Even for those who can’t get a ticket, the New York Asian Film Festival continues to be one of the best gateways into far-eastern cinema around.
Continuing to see success eighteen years after their first edition, the festival is now expanding from its annual two-week summer blowout to also stage a standalone selection held across two weekends this February.
The first-ever Winter Showcase centres around the premise of “Crazy Broke Asians” – more than just a pun, or a description of the running theme of what’s on show. This title highlights the fact that, without proper financial backing, quality films like these would not find their way to western audiences.
Actor Han Ji-Min will be on hand at the screening of the opening night film, Miss Baek. Showing for the first time in the continent, the film follows the eponymous Miss Baek as she attempts to break away from her problem past while trying to help a young girl to avoid the same fate.
These themes are echoed in other festival fare, in particular Yang Ik-june’s Breathless, while others seemingly reverse them, such as Patrick Tam’s After This Our Exile. While dissimilar in its story, Eric Khoo’s Mee Pok Man also explores the concepts of unlikely alliances and people living on the fringes of society.
Moving from figurative fighting to literal fighting, 100 Yen Love sees Ando Sakura of Shoplifters as a slacker whose life is turned around when she takes up boxing. This selection is complimented by Crying Fist, starring Oldboy‘s Choi Min Sik as one of many strugglers who attempt to win a big cash prize at an amateur boxing competition.
The showcase picks up momentum, but remains true to its theme, with a pair of heist thrillers. First is the fast-paced and multi-layered Fly By Night, the debut film of Malaysian director Zahir Omar; then gangsters search for a driver who has gone missing with stolen money in the mixed medium animation – and one of the most interesting films on show, Have a Nice Day.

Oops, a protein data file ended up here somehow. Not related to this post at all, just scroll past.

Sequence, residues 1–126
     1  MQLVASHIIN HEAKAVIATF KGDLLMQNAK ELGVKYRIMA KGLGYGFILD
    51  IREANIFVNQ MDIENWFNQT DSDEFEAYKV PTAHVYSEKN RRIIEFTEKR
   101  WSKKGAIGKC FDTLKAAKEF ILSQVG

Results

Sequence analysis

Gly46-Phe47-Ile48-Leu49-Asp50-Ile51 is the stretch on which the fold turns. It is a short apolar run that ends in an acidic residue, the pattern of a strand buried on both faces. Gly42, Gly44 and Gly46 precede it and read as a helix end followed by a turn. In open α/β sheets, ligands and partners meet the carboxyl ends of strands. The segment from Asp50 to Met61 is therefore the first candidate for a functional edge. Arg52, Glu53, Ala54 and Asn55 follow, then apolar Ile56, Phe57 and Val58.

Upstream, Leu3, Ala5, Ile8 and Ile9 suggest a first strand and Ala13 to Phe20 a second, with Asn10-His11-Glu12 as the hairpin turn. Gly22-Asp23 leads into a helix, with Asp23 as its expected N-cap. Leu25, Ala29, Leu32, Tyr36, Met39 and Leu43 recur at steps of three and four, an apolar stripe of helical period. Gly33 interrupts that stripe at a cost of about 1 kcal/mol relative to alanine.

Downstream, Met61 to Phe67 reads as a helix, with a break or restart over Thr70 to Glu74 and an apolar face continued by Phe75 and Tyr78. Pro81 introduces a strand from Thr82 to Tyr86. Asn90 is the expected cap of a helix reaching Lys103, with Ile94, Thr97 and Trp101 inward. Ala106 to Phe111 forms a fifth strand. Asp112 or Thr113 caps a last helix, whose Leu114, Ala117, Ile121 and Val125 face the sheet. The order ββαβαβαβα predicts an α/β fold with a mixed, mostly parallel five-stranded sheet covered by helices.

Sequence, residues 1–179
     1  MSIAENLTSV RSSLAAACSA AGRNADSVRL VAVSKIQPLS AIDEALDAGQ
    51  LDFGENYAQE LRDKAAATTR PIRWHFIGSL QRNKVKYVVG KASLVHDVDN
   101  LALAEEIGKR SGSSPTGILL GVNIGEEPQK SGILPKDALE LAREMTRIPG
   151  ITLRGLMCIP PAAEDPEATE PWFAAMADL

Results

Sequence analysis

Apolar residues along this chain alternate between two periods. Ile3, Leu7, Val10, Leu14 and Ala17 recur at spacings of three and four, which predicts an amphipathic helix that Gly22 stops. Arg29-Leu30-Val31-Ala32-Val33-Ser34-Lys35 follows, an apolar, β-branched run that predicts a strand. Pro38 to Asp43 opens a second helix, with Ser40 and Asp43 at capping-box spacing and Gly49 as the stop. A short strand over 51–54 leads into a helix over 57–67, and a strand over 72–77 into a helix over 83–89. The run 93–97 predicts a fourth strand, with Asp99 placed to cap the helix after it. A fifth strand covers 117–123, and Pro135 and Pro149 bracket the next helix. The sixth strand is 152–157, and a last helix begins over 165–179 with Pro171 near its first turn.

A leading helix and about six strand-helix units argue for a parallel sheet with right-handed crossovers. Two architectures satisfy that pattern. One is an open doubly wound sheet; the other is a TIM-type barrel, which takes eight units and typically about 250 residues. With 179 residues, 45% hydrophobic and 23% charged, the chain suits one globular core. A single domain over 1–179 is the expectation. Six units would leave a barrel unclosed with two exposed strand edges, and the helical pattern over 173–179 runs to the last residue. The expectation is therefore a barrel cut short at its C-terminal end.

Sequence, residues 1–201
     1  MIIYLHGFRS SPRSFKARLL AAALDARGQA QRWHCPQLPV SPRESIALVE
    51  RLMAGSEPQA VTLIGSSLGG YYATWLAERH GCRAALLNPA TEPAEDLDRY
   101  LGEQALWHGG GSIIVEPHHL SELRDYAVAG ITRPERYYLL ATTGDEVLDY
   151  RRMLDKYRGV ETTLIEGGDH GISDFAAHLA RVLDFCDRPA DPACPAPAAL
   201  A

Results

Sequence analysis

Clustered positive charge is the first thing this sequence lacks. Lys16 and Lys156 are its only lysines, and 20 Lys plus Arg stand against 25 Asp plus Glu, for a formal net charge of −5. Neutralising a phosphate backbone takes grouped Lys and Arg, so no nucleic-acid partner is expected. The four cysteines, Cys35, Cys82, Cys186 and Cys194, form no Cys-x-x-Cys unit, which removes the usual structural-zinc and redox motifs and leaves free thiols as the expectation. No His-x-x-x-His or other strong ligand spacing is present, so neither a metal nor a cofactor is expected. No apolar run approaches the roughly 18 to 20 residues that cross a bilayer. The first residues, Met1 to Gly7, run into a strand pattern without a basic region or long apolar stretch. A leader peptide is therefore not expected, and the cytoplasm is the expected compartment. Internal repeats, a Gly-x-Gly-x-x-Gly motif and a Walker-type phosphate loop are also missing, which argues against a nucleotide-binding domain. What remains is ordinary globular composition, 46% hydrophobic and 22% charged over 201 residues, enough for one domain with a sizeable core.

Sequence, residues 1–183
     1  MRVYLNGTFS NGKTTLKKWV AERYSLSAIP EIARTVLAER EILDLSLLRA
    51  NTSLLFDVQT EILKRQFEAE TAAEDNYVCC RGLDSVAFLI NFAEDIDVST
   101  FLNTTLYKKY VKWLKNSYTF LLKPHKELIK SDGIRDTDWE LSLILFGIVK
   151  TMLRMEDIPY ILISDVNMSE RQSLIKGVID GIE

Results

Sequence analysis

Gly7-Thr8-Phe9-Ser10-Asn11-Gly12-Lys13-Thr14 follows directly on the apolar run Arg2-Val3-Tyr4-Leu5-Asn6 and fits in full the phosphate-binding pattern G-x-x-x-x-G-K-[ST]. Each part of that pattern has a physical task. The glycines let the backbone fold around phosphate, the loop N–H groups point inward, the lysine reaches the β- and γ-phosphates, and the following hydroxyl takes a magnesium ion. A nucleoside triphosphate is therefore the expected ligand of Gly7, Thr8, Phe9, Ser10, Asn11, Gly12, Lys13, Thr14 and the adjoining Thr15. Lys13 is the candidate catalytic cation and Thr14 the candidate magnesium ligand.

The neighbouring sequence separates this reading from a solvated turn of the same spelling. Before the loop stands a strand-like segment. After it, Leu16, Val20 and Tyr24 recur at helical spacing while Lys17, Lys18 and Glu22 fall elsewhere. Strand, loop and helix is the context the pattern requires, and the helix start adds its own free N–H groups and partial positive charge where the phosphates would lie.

Of course, an Asian film festival would not be complete without a slate of action films, and the NYAFF Winter Showcase brings together highlights from yesteryear and today throughout the second weekend.
Classic kung-fu flicks 7 Grandmasters, The Mystery of Chess Boxing and The Swordsman of All Swordsman will all be shown, followed by an early entry from Hong Kong satirist Stephen Chow, King of Beggars. Finally, the showcase closes out with a double bill of Indonesian action from director Gareth Edwards; Menratu and The Raid: Redemption.
This well-curated collection are all prime examples of some of the things Asian cinema does really well – unconventional stories, characters from unusual walks of life, storytelling that can be bold, unflinching and daring, and, of course, plenty of masterful ass-kicking.
While Crazy Rich Asians continues its crusade to bring Asian cinema into the mainstream, those ready to make the effort can see here that what’s going in Asia’s underground is already far more interesting, unique and entertaining.
The good news for those unable to get to New York in time is that at a lot of these films are available to stream and on DVD. For those not too well versed in cinema from the continent, these are all worth seeking out, and could lead to more when you’re done. For already committed fans, it’s time to go crazy.